Twenty per cent of Scots like to – and indeed do – get their oats first thing in the morning, according to a new survey.
The study, by deals, offers and discounts website www.vouchercloud.com, looked at favoured breakfast options around the regions of the UK, and found that one in five of those living north of the border liked to begin the day with a bowl of porridge.
According to the poll, half of Britons don’t eat breakfast at home, and those who purchase breakfast instead of taking something from home typically spend £95.20 per month.
According to the research, full English breakfasts, granola and cereal are the most popular breakfast choices amongst Britons, although one in seven admits to regularly skipping the most important meal of the day.
The study was part of an ongoing probe into Britons’ daily expenditure on food and drink, with 2318 Britons aged 18 and over quizzed about their habits, with a particular focus on the expenditure incurred.
Initially all respondents were asked: ‘When you have breakfast, do you tend to have it home or on the go?’ to which almost half of respondents (46 per cent), stated they ‘have breakfast at home’, with further respondents stating they ‘have it on the go’ (31 per cent) or ‘have it at work’ (23 per cent). All respondents who stated they have breakfast either on the go or at work were asked whether they took it with them from home, or whether they purchased some whilst out and about, to which the majority of respondents ( 69 per cent) admitted they purchased breakfast once they’d left the house.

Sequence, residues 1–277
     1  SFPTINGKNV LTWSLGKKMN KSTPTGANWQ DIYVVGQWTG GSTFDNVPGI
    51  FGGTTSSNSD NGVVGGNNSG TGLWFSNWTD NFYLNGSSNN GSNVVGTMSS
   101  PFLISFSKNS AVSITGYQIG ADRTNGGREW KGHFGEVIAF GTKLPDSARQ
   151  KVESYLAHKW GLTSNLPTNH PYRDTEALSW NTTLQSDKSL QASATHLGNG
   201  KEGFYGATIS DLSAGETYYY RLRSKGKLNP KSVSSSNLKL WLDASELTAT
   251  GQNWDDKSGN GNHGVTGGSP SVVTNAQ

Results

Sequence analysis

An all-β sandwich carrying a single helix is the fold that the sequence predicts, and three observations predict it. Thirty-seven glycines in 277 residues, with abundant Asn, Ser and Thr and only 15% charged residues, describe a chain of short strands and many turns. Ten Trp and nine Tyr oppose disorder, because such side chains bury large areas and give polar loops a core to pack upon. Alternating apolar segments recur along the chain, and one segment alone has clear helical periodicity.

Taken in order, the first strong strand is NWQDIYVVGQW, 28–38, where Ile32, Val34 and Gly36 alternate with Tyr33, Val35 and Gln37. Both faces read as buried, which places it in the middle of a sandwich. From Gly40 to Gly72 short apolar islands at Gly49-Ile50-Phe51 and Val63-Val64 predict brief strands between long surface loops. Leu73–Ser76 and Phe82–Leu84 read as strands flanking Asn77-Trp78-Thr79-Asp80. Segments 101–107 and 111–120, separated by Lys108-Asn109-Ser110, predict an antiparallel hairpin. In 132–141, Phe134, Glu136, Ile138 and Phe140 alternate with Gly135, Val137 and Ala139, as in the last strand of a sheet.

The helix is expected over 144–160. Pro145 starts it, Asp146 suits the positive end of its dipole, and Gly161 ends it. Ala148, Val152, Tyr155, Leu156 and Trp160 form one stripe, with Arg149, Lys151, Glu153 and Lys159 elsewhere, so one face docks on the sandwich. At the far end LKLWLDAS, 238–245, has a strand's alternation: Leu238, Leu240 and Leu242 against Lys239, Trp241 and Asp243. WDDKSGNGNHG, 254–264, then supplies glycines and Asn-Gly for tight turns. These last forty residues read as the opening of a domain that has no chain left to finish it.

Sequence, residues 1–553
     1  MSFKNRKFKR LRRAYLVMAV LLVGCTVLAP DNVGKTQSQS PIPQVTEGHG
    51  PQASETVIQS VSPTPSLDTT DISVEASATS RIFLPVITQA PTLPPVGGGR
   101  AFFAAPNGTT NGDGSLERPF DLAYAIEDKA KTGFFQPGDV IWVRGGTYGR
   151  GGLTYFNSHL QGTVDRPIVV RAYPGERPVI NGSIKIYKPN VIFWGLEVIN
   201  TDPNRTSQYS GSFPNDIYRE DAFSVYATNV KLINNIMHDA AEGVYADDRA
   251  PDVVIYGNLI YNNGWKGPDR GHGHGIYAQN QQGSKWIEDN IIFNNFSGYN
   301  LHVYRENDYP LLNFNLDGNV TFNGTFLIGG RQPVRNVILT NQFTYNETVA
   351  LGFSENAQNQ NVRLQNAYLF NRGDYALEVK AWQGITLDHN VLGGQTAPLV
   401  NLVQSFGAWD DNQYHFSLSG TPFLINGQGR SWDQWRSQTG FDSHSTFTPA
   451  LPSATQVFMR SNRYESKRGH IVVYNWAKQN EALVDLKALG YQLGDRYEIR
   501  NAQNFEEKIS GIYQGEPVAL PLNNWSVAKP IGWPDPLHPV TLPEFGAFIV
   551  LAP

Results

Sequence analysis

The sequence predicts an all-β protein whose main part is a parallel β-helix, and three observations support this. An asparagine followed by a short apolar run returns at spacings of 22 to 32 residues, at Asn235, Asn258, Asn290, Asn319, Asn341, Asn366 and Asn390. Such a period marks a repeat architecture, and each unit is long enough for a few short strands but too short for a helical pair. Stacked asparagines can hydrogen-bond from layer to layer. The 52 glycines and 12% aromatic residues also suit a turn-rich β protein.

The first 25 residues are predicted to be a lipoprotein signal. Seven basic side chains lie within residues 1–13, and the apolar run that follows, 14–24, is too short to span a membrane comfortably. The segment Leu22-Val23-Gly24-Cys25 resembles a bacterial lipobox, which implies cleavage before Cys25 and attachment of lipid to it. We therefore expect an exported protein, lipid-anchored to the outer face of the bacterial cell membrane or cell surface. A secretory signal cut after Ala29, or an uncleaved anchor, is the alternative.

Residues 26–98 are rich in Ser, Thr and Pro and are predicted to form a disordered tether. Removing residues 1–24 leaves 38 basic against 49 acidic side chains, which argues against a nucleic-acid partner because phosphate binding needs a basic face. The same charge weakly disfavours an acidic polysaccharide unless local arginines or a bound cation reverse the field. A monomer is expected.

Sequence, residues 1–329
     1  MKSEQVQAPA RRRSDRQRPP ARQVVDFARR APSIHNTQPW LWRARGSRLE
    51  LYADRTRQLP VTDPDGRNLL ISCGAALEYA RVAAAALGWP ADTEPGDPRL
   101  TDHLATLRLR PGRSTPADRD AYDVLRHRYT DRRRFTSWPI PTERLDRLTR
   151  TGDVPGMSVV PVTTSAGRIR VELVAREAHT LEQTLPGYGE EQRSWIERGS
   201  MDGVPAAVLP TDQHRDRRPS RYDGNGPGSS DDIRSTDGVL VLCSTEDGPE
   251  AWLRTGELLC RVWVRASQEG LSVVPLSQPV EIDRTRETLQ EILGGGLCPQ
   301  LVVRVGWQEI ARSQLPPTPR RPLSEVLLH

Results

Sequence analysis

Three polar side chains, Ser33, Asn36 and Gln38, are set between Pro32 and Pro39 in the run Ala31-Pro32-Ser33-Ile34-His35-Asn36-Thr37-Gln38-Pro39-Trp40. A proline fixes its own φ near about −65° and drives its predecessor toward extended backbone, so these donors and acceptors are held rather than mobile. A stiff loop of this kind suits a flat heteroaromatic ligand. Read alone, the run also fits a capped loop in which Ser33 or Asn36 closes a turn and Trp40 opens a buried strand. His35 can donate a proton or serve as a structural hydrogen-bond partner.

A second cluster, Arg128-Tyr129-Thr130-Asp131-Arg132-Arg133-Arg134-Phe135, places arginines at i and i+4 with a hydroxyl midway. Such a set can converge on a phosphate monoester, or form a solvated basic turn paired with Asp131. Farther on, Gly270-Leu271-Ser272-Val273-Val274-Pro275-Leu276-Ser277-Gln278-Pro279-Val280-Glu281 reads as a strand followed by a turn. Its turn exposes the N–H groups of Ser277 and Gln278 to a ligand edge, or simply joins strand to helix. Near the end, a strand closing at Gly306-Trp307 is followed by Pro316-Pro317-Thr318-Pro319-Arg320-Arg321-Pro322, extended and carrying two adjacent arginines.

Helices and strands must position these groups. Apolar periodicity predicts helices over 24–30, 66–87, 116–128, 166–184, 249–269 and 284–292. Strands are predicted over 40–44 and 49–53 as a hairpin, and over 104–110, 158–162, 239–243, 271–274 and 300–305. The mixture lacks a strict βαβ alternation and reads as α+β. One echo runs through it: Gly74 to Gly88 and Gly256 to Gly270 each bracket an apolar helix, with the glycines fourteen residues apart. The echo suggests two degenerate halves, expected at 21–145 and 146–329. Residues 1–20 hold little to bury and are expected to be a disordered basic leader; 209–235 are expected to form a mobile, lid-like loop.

Respondents who purchased breakfast to either eat on the go or when they get into the office were asked how many times per week they purchased it and the average cost per breakfast. Once all of the responses were collated it was revealed that those who purchase breakfast typically do so four times per week, spending £5.95 per go – that equates to £23.80 per week, £95.20 per month and £1142.40 per year.
According to the poll, one in seven respondents ( 14 per cent), admitted that more often than not they end up skipping breakfast, with the top reasons why being cited as ‘I’m in a rush and don’t have time’ (29 per cent), ‘I oversleep’ (23 per cent) or ‘I’m not typically hungry first thing in the morning’ (19%).
Chris Johnson, Head of Operations at vouchercloud.com, described the fact that some people spend almost £100 a month on breakfast as “madness”.
He said: “You can buy enough cereal to last months, if not a year, at that cost. Imagine if those people got up a little earlier each day and made themselves breakfast, what they could do with that extra £100 per month! Have a few social nights out, go out to dinner on more than one occasion – or one fancy occasion – or even save it up and have over £1000 to play with at the end of the year.”